This cut down my layout time considerably, since all I had to do for the digital version was clean up the client’s styles in Word.

      For print, I still stick with ID.

      I also find the advertising policy interesting, since I know of one colleague who includes a ton of internal advertising in her clients’ ebooks. Each of her clients has some video or seminar they’re doing and the links to them are right in the front of each book. Her marketing method is a big reason why people go to her to have their ebooks done and up on Amazon.

      Reply

      Chris Backe April 20, 2014 at 7:23 am

      First, Amazon’s TOS prohibits using affiliate links in an ebook. Section 5.1.2 (according to a KDP thread at https://kdp.amazon.com/community/thread.jspa?messageID=379132):
      “You may not include in any Digital Book any advertisements or other content that is primarily intended to advertise or promote products or services”. Another take on the subject is over at http://inspiringtransformationpublishing.com/amazon-links-kindle-book, which supposedly has it from the horse’s mouth.

      Anecdotally, I can say that authors are doing it, and Amazon isn’t pulling books out of the catalog. That may simply be a policy to prevent them from taking on a huge workload, but they have recently tightened the strings on the affiliate programs.

      Second, I find it really funny that article about “new technologies” to create enhanced e-books doesn’t mention any of them. What programs would you use to create these? InDesign is far from the easiest program to use, and plenty of folks have tried the enhanced-ebook-made-easy (RIP Moglue). Hiring a professional (the “farm it out” argument) dodges the question – how is an author supposed to know what questions to ask when they don’t know what programs or services a pro might use to create?

      If you’re looking for the best way to create enhanced e-books right now, for free, download iBooks Author for your Mac for free. There are some significant limitations, but it’s one tool that’s out there right now.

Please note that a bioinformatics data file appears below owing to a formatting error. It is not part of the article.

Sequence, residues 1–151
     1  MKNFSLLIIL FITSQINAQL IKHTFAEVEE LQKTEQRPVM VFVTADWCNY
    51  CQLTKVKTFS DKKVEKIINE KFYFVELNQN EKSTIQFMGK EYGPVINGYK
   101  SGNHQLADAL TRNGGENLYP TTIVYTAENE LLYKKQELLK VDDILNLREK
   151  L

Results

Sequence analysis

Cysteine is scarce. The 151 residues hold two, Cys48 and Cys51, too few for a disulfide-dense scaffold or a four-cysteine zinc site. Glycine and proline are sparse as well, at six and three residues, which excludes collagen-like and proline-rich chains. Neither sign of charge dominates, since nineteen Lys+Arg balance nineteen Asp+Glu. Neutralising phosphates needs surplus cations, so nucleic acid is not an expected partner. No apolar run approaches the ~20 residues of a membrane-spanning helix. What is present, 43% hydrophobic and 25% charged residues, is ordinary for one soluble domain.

(As an aside, I’ve written books in PowerPoint, toyed with an early beta of Moglue, and am always on the lookout for new tools. Just a bit disappointed no ways to create enhanced e-books were mentioned.)

      Reply

      Will Gibson April 17, 2014 at 5:31 pm

      Corina, I think it comes down to the ‘intuitiveness’ of working with computers and technology and within the Internet. It’s not in the DNA of older writers like myself as much as with the younger generations. And if we don’t use computers extensively in our employment, we also don’t have much practice with them.

      This area of self-publishing has become a bigger challenge to me than the writing and the editing of the book. I rely on my son for all things computer. And when he gets ‘mad at me’ for this lack of intuition, I just remind him that I was born in the forties and that we didn’t even have television then.

      Jason, I echo the other commenters in saying that your article is outstanding. It is well-written, informative, and clear. And I know that we old writers don’t have any choice but ‘to embrace’ these new technologies. The opportunities are exciting, if somewhat intimidating, but I’m looking forward to the challenges.

      Reply

      Jason Matthews April 17, 2014 at 5:45 pm

      It’s a demographic irony, Will. The group with the most information to share have the steepest learning curve for how to share that information.

      Reply

      Paul Salvette April 16, 2014 at 9:44 am

      Great article, Joel, as always. The interactive quizzes are a great idea, particularly for textbooks. It would be interesting to see what authors come up with. However, the eBook platforms need to be able to support JavaScript. It’s called for in the EPUB3 specification but adoption has not been very forthcoming by reading systems, despite the fact that web browsers have supported it since the 1990s.

      For the choose-your-own-adventure type books with hyperlinks, James Schannep has some fun ones. An interesting use of existing eBook technology rather than go down the much more complicated (and expensive) book as an app route:

      http://www.amazon.com/James-Schannep/e/B0094AZ9QM

      Reply

      D.G. Kaye April 16, 2014 at 9:33 am

      Excellent article! Good checklist reminder for book inclusions. Thanks for sharing! I am sharing too!

      (Rewritten due to bad spelling above.) A good reminder to check before hitting send! :)

      Reply

      Jason Matthews April 17, 2014 at 3:23 pm

      Haha, I’ve done that too, D.G. Another tip on leaving comments: if the comment is lengthy and you put real effort into crafting it–copy it before submitting. That way if the website or internet has a glitch, you can resubmit it without needing to rewrite your comment masterpiece.

      Reply

      D.G. Kaye April 17, 2014 at 6:11 pm

      Lol, thanks Jason. And yes, I know that trick well as many times I have been caught in that situation! :)

      Reply

      D.G. Kaye April 16, 2014 at 9:31 am

      Excellent article. Good checklist reminder for book inclusions. Thanks for sharing, I am sure to!

      Reply

      Frances Caballo April 16, 2014 at 9:30 am

      What a wonderful article, Jason. Kudos to you. It’s a great reminder on the many features we need to add to our books as well as the possibilities out there as technology develops. Great topic.

      Reply

      Jason Matthews April 16, 2014 at 10:36 am